Better assessment and analysis of data has made the use of targets effective in improving students' behaviour and academic progress. Their targets form part of a detailed individual plan to which students contribute, and are used with their key worker to monitor their progress over time.
Leadership and management
The headteacher provides clear direction and high expectations across the whole of the school. She is ably assisted by the well-established senior leadership team. They possess considerable skill and experience in leading such a complex organisation. Well qualified and experienced staff are being recruited and the whole team is gaining in strength as a result. Each of the 10 bases focuses on a particular section of pupils, mainly providing effectively for their specific needs. As a result, the split site organisation, rather than being an encumbrance, has been developed into a strength. The one exception is the base for primary pupils, whose provision has suffered in recent years from changes in leadership. This is being rectified effectively; recovery is underway and its leadership is satisfactory. The school's success in engaging students constructively with their world, contributes well to the cohesion of their community. Monitoring and evaluation are firmly in place. Effective use is made of data on students' performance to gauge the strengths and weaknesses of provision and to set challenging targets. The latter are having a positive impact on achievement as seen in examination successes in particular.
|Any complaints about the inspection or the report should be made following the procedures set out in the guidance 'Complaining about inspections', which is available from Ofsted's website: ofsted.gov.uk.|
|Key to judgements: grade 1 is outstanding, grade 2 good, grade 3 satisfactory, and grade 4 inadequate.||School Overall|
|How effective,efficient and inclusive is the provision of education,integrated care and any extended services in meeting the needs of learners?||2|
|Effective steps have been taken to promote improvement since the last inspection||Yes|
|How well does the school work in partnership with others to promote learners' well-being?||2|
|The capacity to make any necessary improvements||2|
|How well do learners achieve?||2|
|The standards¹ reached by learners||4|
|How well learners make progress, taking account of any significant variations between groups of learners||2|
|How well learners with learning difficulties and/or disabilities make progress||2|
|How good are the overall personal development and well-being of the learners?||2|
|The extent of learners' spiritual, moral, social and cultural development||2|
|The extent to which learners adopt healthy lifestyles||3|
|The extent to which learners adopt safe practices||2|
|The extent to which learners enjoy their education||2|
|The attendance of learners||3|
|The behaviour of learners||2|
|The extent to which learners make a positive contribution to the community||2|
|How well learners develop workplace and other skills that will contribute to their future economic well-being||2|
|How effective are teaching and learning in meeting the full range of learners' needs?||2|
|How well do the curriculum and other activities meet the range of needs and interests of learners?||2|
|How well are learners cared for, guided and supported?||1|
|How effective are leadership and management in raising achievement and supporting all learners?||2|
|How effectively leaders and managers at all levels set clear direction leading to improvement and promote high quality of care and education||2|
|How effectively leaders and managers use challenging targets to raise standards||2|
|The effectiveness of the school's self-evaluation||2|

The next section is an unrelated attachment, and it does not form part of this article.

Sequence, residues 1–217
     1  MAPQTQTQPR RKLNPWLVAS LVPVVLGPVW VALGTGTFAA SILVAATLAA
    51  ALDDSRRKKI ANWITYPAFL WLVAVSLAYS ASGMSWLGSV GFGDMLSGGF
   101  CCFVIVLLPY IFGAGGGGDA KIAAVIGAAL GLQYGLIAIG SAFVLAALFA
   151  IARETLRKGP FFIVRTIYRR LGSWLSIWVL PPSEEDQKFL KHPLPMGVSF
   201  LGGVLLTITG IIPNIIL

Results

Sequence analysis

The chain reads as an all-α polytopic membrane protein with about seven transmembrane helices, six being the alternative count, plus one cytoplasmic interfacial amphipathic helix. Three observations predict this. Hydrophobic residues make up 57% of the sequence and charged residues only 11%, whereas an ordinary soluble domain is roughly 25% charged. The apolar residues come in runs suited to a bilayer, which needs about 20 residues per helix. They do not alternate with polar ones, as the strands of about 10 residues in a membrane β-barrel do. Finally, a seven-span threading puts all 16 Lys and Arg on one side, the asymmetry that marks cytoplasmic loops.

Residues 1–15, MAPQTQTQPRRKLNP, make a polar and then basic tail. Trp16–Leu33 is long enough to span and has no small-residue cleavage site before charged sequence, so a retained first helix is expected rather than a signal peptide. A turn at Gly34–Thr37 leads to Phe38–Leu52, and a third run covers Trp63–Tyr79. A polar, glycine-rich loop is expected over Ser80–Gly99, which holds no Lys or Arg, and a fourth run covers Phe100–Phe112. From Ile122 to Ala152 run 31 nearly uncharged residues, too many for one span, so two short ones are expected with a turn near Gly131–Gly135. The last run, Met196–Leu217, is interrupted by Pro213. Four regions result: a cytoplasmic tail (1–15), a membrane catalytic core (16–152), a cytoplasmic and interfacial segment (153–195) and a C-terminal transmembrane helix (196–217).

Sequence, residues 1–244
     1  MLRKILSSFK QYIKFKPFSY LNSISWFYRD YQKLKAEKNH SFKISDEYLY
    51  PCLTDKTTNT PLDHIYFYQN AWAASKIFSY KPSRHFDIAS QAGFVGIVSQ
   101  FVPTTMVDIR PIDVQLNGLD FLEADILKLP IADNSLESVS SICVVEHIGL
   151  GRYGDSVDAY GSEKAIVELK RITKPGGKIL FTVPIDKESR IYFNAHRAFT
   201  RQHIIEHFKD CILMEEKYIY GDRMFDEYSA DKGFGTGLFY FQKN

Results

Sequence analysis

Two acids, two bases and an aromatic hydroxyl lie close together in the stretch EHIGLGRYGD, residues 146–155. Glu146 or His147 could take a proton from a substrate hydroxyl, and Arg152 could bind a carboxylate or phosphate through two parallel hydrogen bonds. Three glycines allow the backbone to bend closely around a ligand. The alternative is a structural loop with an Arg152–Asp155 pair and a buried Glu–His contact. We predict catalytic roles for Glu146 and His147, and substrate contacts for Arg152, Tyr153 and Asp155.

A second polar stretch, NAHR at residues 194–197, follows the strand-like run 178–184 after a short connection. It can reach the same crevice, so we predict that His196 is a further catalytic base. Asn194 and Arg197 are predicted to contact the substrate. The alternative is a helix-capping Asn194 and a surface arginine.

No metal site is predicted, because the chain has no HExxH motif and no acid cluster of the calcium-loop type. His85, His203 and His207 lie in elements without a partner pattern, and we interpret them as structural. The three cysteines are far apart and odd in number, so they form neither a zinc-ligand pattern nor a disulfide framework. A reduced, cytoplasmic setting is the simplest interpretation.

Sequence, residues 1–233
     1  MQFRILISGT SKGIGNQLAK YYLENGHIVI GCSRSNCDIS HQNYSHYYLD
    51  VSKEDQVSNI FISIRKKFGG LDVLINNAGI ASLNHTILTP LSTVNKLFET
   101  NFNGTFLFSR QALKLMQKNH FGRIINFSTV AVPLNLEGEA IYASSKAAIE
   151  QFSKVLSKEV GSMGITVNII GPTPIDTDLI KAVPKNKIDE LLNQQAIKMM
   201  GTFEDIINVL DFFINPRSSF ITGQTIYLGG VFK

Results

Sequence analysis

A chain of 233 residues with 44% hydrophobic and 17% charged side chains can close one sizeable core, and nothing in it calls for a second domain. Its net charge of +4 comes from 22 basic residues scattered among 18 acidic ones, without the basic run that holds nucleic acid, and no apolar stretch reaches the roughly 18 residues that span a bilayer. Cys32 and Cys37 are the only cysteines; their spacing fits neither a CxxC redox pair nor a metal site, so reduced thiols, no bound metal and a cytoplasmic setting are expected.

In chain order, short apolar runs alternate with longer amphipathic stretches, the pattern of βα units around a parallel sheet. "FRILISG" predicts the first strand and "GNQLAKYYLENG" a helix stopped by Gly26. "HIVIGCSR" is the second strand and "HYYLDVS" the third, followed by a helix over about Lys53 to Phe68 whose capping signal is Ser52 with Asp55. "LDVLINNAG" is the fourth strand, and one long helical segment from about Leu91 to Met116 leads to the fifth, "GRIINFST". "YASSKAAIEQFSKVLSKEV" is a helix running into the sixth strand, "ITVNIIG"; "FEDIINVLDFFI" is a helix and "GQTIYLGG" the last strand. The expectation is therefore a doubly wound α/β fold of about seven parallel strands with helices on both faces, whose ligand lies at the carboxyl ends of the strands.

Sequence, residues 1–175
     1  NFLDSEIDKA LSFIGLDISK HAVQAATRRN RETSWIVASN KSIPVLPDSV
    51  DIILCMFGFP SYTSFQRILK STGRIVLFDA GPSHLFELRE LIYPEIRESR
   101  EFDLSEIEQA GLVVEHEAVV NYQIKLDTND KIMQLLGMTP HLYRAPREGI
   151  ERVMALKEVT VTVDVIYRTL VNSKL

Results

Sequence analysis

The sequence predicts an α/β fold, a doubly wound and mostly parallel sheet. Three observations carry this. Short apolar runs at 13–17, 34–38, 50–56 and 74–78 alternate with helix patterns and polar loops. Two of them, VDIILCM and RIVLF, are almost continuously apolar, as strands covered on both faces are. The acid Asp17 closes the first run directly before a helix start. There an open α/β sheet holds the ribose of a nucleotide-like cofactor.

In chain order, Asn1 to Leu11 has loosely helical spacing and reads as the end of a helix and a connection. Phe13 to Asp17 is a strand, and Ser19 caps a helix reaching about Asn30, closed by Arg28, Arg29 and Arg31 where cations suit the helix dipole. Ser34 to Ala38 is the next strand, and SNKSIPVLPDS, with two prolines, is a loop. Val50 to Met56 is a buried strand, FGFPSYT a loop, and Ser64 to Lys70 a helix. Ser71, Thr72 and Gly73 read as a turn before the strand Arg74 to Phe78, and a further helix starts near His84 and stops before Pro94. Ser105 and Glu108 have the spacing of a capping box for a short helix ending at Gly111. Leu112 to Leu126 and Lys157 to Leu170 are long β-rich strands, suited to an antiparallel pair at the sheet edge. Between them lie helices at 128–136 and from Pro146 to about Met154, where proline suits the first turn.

|How well equality of opportunity is promoted and discrimination eliminated||2|
|How well does the school contribute to community cohesion?||2|
|How effectively and efficiently resources, including staff, are deployed to achieve value for money||2|
|The extent to which governors and other supervisory boards discharge their responsibilities||2|
|Do procedures for safeguarding learners meet current government requirements?||Yes|
|Does this school require special measures?||No|
|Does this school require a notice to improve?||No|
20 November 2008
Inspection of Kingsmead School Pupil Referral Unit, Derby, DE1 3LB
We thoroughly enjoyed the visits to each of Kingsmead's bases across the city, particularly because of your warm welcome and friendliness everywhere we arrived. We want to say thank you for the thoughtful comments made by those students we managed to talk to during our visiting.
It pleases me enormously to say I found out that you have a good school because it gives you an effective education and good help to prepare for the future. This is just the break you need and I am sure you will take full advantage of it. Your behaviour is good, which helps ensure you stay safe. I was impressed by how hard you work in lessons and the result is that you are making good progress, doing well in tests and passing exams. It was really obvious you enjoy attending school and are keen to contribute in many ways. This came across clearly in what you had to say about school. Raising money for charities is something you can be proud of. Two things that really stand out about your school are the many different courses and activities available to you and the excellent support your teachers and others give to you.
Your headteacher and all of her staff are working extremely hard to improve your school and, in just one of many respects, this is seen in your new building and better accommodation in nearly all of the bases. There is still some way to go at Newton's Walk, where the primary pupils go to school. I have asked your headteacher to improve teaching and the curriculum there. I also think more emphasis needs to be given to encouraging you all towards a healthy lifestyle. I know your headteacher thinks this is important and you can help by taking seriously all the advice you are given. Finally, I have asked teachers to develop in you the skills to judge how successful lessons have been in helping you to learn what was intended.
I wish you all the best in the future.